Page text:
Careful to avoid disturbing the launch crews who were intent on their work, the five Lowell crew proceeded through the hatch in the center of the circular floor to the next deck, which was divided into three open compartments: the Lowell’s command center, packed with control panels and display screens; the food and water compartment, ringed with shelves and drawers; and the conference and recreation room, which was designed to feel spacious despite its actual size.
Most of the launch crew members were congregated on this floor, so the astronauts continued down through the third deck, ringed with storage tanks for air and water and dominated by a thick, puck-shaped radiation shelter to protect them against solar storms or an unlikely accident with one of the NERVA boosters, and into the laboratory deck at the base of the crew compartment.
If the command center on Deck 2 was the nerve center of the Lowell, the labs on Deck 4 were the entire reason for the trip. Braden watched with pleasure as Collinson’s and Serrona’s eyes lit up at the bright, new, shiny science equipment in the five laboratories ringing the deck.
“Welcome to the largest, most sophisticated science facility ever put into space,” she said with the tone of a proud mother. As the Mars Expedition’s operations director prior to her sudden promotion by General Carstairs, she had been responsible for overseeing the design of the Lowell’s laboratory facilities. She had insisted on sparing no expense, and it showed. “It rivals some of the best facilities on Earth, too. And it’s all yours, gentlemen.”
The five astronauts drifted from console to console, admiring the equipment that they would soon be using to unveil the mysteries of interplanetary space and, ultimately, the Red Planet itself. Suddenly, an urgent cry came from the deck above. “Colonel Braden! Come quick!”
The five of them looked up at the source of the sound, and followed Braden as she pushed off the floor and glided speedily up through the hatch. “Up here! In the crew quarters!”
“Make a hole!” Braden called ahead as she shot up through the decks, betraying her Navy-brat roots (her father was a retired nuclear submariner). The others followed, Boggins bringing up the rear and issuing a stream of curses as his knees and elbows kept connecting with the hatchways as he passed through them.
“What is it?” said Braden to the two gray-coveralled technicians who floated in the center of the deck.
“There,” one of them said, pointing to one of the compartments. Boggins’ duffel bag was bouncing crazily around the room, ricocheting off the walls and spinning wildly.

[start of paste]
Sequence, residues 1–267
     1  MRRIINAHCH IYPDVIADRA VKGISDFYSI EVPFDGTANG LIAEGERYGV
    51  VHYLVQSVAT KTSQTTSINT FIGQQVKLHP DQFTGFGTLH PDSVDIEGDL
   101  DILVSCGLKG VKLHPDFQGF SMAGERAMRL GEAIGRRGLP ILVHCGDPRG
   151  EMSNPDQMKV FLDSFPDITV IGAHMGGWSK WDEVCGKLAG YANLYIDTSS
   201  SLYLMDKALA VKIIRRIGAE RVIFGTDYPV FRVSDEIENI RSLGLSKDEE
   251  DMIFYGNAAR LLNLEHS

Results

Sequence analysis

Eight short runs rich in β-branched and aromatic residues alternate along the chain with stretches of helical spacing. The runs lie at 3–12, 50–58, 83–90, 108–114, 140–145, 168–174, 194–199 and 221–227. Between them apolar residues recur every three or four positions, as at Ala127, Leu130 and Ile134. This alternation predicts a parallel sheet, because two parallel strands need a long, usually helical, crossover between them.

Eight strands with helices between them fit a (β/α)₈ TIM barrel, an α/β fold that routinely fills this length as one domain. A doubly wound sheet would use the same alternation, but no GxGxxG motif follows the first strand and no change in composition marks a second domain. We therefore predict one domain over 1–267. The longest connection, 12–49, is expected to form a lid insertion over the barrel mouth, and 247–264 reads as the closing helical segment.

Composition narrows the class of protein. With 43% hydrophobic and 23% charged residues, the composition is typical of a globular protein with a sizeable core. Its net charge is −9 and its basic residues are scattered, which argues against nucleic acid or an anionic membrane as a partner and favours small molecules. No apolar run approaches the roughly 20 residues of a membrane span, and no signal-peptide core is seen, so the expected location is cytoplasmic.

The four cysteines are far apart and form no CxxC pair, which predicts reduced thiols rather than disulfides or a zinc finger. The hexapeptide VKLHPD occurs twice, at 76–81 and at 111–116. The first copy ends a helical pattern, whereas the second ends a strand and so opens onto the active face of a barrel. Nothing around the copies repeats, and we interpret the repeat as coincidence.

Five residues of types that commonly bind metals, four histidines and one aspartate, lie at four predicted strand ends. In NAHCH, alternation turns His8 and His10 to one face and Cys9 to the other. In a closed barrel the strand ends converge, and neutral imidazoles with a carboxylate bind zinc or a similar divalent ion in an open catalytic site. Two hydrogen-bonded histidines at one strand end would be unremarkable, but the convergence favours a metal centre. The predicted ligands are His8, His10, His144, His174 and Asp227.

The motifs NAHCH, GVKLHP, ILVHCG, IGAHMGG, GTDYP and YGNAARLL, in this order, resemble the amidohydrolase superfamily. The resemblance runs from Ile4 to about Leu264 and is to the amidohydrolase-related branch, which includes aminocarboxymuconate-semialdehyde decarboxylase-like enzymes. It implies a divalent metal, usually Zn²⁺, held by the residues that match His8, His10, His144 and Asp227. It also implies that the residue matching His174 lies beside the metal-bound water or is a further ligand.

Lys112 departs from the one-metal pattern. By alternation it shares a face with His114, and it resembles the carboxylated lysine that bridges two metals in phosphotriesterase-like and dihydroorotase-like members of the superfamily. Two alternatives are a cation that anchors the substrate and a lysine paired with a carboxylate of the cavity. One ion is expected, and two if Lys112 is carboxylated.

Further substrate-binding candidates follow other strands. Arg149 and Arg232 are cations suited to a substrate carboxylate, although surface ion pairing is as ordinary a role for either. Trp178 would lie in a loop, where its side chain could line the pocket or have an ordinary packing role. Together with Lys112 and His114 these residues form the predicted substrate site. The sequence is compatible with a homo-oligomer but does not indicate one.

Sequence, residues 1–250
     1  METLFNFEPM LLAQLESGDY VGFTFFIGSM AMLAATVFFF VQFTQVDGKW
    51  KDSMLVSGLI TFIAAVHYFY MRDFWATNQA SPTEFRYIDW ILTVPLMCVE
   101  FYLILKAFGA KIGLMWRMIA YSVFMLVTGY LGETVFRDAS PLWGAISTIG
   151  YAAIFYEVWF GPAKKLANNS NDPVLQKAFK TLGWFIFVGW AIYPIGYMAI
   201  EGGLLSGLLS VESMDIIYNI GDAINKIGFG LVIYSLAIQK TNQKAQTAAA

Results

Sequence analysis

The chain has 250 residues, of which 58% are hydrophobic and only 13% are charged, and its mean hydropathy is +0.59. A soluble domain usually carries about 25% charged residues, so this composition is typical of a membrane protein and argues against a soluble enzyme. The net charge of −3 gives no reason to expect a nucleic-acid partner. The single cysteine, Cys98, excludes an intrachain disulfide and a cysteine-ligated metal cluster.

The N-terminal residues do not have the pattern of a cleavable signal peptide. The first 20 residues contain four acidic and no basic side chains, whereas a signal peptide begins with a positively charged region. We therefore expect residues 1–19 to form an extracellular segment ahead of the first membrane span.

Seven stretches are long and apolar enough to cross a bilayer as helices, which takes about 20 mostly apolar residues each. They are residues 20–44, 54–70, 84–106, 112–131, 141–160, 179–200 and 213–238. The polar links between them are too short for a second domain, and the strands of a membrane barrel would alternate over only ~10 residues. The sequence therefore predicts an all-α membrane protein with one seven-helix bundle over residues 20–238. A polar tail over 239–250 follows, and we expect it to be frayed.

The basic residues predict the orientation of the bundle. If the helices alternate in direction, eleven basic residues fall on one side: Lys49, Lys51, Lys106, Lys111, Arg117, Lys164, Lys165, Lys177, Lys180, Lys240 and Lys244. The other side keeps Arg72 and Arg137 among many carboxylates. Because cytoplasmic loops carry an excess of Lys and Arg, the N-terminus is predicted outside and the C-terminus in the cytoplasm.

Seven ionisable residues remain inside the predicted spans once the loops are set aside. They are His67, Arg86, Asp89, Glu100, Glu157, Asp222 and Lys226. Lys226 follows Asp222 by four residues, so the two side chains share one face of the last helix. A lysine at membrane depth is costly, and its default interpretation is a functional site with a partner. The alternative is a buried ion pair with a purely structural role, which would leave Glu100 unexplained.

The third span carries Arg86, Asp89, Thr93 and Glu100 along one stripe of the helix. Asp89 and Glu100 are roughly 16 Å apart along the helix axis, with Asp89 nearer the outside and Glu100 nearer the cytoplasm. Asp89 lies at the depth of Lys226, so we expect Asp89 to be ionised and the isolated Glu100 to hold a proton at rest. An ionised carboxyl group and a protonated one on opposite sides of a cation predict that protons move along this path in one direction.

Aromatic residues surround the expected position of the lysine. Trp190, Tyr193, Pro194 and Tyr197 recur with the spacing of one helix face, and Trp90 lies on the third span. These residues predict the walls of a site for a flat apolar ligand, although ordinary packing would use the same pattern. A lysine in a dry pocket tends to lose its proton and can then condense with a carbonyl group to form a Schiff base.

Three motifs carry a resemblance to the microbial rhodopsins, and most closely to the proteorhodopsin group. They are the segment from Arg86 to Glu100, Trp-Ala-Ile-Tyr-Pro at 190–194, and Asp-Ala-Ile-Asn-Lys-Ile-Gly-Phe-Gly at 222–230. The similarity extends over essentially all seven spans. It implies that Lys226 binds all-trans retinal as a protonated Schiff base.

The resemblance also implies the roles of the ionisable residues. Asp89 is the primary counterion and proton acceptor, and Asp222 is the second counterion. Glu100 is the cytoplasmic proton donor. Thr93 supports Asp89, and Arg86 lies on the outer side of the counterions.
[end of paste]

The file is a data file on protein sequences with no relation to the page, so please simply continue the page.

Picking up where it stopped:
“What’s going on?” Boggins called as he stumbled through the floor hatch into the room. “What’s the problem?” When he saw his duffel careening around his compartment, he went pale. “Oh, no,” he said with a gasp.
“What is it?” Endicott barked. “What’s in there?”
Before Boggins could answer, a feeble, high-pitched sound emanated from deep within the bag. A moment later, it was followed by another, louder cry, the unmistakable warbling wail of . . .
A dark gray furry head poked out from one end of the duffel, its bewhiskered mouth uttering a piteous wail, its eyes open wide in confusion, its long ears cocked back in fear.
“A cat?” asked Braden in astonishment.
“a cat!” confirmed Endicott. All eyes turned to Boggins, who was drifting backwards in disbelief.
“I . . . ” Boggins stammered. “He’s a stray. I found him last week. He wandered into my house. And he was so cute, I . . . ” under the withering glare of Braden and Endicott, and the astonished gaze of everyone else, Boggins paused to regroup. “I was going to leave him with my girlfriend while I was away, but she’s allergic.” He shrugged. “A member of the Canaveral ground crew raises cats. I brought him along to give to her. And I . . . ”
“You . . . ?” encouraged Braden impatiently.
“. . . forgot,” he finished sheepishly.
The cat yowled again, and all eyes turned back to the cat as it finished struggling its way out of the bag and cartwheeled its legs wildly in the air, unaccustomed as it was to the lack of gravity.
After a moment, Collinson broke the silence. “What are we going to do with the cat?”
Braden and Endicott looked at each other.
* * *
What will become of the Lowell’s feline stowaway? Whatever the crew decides, they’ll have to decide soon, because the launch countdown is about to start! Find out in the next installment of Mission to Mars!